Public Relations

By Irfan Nugroho
nugrohoirfan@yahoo.com
1. Definition
There are so many definitions about Public Relations out there. In this chapter, the writer will highlight two big categories about the definitions of Public Relations. The first category is about “what Public Relations is,” while the second category is “what Public Relations does.”
Talking about “what Public Relations is,” there is a good definition of Public Relations that may represent what Public Relations is. It is the definition stated by the 1978 World Assembly of Public Relations Associations of Mexico. They agreed that:
Public Relations is the art and social science of analyzing trends, predicting their consequences, counseling organization leaders and implementing planned programs of action which will serve both the organization’s and the public interests.
(Wilcox et al. in Theaker, 2003:4)
From the definition above, we may conclude that ‘Public Relations is a measurable, science-based application of communication tools and the affection of many practitioners for the looser, more creative, aspects of the work.’ (Theaker, 2003:4). Therefore, based on the definition above, we can clearly see “what Public Relations is.”
In 1976, Rex Harlow cleverly summarized 472 definitions of Public Relations into 88 words like below:
Public Relations is a distinctive management function which helps establish and maintain mutual communication, understanding, acceptance and co-operation between an organization and its publics; involves the management of problems or issues; helps management to keep informed on and responsive to public opinion; defines and emphasize the responsibility of management to serve the public interests; help management to keep abreast of and effectively utilize change, serving as an early warning system to help anticipate trends; and uses research and ethical communication technique as its principal tools.
(Harlow, quoted in Theaker 2003: 4)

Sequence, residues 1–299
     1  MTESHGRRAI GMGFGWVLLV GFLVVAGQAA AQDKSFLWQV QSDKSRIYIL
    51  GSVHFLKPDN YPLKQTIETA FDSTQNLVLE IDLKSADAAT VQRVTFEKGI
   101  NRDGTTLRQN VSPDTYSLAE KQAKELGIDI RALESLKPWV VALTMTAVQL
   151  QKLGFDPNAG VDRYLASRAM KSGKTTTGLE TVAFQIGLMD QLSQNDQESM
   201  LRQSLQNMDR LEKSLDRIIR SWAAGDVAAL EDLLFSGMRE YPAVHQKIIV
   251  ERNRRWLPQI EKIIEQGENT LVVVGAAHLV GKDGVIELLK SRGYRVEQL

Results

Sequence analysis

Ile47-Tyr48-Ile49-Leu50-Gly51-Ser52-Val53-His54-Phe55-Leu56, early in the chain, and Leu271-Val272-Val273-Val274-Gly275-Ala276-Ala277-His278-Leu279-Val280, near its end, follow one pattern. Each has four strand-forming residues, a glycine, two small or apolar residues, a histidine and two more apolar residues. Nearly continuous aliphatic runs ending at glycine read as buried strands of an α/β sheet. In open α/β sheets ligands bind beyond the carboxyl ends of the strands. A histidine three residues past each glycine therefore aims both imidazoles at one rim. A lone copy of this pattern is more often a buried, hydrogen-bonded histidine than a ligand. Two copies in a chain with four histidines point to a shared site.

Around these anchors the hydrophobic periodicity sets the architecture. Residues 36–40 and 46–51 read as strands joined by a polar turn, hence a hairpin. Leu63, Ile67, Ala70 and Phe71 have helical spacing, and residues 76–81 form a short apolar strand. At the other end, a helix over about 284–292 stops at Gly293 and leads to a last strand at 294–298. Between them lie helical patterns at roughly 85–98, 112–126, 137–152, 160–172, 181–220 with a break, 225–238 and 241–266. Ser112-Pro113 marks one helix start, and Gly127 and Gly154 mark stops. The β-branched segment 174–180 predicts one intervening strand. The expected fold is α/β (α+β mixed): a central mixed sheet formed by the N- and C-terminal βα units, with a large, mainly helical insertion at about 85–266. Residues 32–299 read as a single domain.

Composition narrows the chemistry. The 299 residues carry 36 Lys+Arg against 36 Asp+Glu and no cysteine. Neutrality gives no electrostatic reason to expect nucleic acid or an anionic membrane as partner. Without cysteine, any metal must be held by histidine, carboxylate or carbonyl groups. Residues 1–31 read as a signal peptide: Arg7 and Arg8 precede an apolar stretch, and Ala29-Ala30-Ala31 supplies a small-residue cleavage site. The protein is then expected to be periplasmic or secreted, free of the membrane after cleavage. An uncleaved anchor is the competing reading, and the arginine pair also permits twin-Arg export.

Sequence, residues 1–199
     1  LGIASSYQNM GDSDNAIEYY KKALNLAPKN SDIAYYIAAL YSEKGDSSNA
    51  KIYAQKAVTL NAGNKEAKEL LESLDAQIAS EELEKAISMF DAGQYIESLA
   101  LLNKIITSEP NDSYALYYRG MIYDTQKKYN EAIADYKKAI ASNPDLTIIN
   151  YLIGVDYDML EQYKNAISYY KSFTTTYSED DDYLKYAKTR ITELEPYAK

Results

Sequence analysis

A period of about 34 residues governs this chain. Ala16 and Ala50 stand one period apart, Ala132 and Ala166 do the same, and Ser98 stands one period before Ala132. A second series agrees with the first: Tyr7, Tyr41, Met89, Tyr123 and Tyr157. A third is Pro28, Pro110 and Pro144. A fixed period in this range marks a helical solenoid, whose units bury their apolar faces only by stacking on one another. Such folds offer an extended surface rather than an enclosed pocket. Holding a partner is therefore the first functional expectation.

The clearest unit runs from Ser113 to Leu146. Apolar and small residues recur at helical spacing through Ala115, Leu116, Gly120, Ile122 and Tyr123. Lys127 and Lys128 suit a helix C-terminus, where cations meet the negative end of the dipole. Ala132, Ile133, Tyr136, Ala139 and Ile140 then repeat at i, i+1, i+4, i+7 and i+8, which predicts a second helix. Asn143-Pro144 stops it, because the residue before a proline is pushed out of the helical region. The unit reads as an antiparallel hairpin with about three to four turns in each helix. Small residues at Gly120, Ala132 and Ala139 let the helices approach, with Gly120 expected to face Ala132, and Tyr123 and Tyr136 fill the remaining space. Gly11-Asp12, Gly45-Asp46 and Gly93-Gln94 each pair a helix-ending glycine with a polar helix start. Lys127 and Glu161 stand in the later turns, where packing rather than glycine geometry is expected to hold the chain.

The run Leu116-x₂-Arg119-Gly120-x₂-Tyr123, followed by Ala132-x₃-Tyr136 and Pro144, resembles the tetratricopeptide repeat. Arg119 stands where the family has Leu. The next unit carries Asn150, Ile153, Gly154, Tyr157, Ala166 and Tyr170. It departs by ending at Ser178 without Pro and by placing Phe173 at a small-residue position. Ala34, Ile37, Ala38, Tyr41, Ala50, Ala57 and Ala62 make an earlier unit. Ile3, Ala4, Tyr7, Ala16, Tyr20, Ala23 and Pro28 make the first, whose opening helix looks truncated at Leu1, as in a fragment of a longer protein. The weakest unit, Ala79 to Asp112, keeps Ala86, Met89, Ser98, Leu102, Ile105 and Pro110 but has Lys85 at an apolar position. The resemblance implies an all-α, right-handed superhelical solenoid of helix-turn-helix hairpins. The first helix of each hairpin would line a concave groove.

Harlow has made a savvy definition of Public Relations like above. He puts many key concepts of Public Relations from hundreds definitions of Public Relations in the world into the definitions like above. The definition above clearly describes ‘what Public Relations does’ rather than ‘what Public Relations is’. However, the further explanation about what Public Relations does will be explained in the second section of this sub-chapter II Duties.
From those two definitions – either those representing what Public Relations does or what Public Relations is – have several similarities that are the words “organization” and “public.”
Talking about Public Relations often grapples with organization and public. There must be an interaction between organization and its entire public or selected group. Hence, such interaction will be shaped out if the communication between both sides runs well.
Harlow states that there must be mutual communication between an organization and its publics. Hopefully it will lead an organization to ‘achieve its mission and vision through mutually beneficial relationship’ (Cutlip in Heath, 2005: 680). And, mutual communication here ‘should be beneficial to the organization and to the general public’ (Wilcox in Theaker, 2005;5).
Finally, establishing relations with the public through mutual and ‘communal communication’ (Grunig; 2007) is a must for Public Relations. Not only establishing, Public Relations must also be capable of ‘maintaining such communication, understanding, acceptance and cooperation with the public’ (Harlow in Tehaker; 2003).